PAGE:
School teachers and parents always have been concerned about children’s academic success and social adaptation both in and out of the classroom. Only recently, however, have researchers realized that a child’s emotional life has an impact on these important outcomes (Gardner, 1993; Pekrun, 1992). The theory of emotional intelligence (EI; Mayer & Salovey, 1997) and a performance-based test of EI, the Mayer-Salovey-Caruso Emotional Intelligence Test (MSCEIT; Mayer, Salovey, & Caruso, 2002a) provide a framework to study the role of emotion-related abilities in student learning and social adaptation.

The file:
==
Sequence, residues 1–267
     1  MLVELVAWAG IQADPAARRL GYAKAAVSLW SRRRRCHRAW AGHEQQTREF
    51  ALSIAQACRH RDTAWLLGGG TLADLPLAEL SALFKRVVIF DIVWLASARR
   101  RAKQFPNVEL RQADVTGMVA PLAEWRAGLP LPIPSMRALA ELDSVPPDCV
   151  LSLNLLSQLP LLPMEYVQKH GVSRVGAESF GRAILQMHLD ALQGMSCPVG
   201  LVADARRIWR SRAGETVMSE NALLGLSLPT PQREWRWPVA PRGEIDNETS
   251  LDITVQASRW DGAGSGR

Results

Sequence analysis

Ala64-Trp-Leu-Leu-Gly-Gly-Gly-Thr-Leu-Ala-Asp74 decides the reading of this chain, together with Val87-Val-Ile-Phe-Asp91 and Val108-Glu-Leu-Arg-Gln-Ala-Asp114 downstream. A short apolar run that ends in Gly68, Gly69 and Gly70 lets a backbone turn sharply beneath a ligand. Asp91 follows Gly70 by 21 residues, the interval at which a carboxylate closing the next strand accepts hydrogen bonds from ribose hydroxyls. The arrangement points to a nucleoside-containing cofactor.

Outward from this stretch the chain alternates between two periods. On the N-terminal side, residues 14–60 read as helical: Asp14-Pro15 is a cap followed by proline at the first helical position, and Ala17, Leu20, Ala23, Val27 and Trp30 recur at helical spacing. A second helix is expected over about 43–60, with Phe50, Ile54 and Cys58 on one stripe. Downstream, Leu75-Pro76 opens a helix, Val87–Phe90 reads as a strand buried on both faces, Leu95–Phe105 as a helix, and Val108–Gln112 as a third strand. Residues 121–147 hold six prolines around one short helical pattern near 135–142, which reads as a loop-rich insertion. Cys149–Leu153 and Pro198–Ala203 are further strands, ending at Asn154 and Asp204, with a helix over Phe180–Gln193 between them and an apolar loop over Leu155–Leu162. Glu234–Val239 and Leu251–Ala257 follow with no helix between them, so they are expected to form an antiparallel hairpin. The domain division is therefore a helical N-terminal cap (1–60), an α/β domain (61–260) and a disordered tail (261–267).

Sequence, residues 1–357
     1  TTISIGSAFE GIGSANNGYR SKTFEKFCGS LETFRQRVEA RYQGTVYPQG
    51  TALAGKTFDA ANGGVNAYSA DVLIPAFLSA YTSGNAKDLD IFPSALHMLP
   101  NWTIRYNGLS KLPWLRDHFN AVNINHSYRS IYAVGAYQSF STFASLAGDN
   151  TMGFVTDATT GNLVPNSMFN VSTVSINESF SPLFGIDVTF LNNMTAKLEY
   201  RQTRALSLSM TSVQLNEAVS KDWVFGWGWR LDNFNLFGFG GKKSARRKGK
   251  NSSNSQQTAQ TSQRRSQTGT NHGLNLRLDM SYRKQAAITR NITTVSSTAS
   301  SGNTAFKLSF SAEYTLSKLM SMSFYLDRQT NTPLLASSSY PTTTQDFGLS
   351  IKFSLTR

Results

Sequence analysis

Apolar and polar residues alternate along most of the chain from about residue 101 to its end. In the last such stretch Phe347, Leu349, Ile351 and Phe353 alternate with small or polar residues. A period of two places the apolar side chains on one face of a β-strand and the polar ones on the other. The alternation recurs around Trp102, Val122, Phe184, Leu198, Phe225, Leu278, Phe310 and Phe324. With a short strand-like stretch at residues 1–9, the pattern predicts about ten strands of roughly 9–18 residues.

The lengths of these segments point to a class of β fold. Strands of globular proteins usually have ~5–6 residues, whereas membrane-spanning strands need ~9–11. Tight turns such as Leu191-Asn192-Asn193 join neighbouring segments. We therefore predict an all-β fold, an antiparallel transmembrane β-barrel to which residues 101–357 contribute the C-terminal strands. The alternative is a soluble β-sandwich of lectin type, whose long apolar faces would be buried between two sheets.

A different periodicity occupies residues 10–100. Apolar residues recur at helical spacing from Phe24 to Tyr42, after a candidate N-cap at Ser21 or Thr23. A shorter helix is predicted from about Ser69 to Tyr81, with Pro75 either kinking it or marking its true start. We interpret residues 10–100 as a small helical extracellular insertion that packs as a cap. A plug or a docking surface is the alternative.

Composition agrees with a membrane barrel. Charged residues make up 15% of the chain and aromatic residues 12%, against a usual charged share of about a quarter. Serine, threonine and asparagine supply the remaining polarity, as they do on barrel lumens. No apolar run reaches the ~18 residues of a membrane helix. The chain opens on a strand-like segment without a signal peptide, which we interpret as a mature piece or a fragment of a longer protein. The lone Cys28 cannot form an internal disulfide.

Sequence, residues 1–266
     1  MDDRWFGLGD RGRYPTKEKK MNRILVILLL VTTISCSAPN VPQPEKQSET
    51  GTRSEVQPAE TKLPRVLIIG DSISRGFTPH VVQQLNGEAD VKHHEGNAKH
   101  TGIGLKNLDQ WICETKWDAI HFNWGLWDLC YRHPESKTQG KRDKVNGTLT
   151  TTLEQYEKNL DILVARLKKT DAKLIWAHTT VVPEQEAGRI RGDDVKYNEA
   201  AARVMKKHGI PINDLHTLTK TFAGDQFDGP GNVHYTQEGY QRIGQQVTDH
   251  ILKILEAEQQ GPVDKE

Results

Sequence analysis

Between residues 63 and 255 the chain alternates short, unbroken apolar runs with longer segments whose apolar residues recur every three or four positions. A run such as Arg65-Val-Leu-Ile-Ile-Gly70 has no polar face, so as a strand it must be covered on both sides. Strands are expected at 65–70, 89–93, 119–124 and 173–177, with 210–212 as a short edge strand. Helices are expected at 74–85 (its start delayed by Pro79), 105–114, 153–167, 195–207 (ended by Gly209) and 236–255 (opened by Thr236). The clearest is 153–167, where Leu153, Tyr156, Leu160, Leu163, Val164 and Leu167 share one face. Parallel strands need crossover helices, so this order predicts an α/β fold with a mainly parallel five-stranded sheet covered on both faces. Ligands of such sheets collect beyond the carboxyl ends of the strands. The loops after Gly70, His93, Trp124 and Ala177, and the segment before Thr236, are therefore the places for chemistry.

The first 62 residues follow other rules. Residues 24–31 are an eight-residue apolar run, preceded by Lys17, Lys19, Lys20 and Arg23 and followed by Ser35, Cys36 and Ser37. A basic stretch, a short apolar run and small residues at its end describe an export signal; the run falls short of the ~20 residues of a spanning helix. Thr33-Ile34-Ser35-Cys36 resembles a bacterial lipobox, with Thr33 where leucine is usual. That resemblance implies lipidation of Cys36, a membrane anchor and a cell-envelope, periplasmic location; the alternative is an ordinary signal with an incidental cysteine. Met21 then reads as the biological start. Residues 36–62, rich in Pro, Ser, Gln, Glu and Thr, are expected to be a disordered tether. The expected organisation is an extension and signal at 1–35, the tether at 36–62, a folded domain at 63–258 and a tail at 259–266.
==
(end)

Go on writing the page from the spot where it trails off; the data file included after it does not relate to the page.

Salovey and Mayer (1990) were the first to propose a theory of EI in the academic literature. In their most recent model, they define EI as the ability to: (a) perceive and express emotion, (b) use emotion to facilitate thought, (c) understand and reason with emotion, and (d) regulate emotion in the self and others (Mayer & Salovey, 1997). These researchers conceptualize EI as a mental ability that pertains to an individual’s capacity to process and reason with and about emotion-laden information. Mayer and Salovey’s model is distinct from other «mixed» models, which define and measure EI as a set of self-perceived skills, competencies, and personality traits, including optimism and self-esteem (Bar-On, 1997; 2006; Boyatzis, 2006; Goleman, 1995; see also Mayer, Salovey, & Caruso, 2000 for a thorough discussion on different models of EI).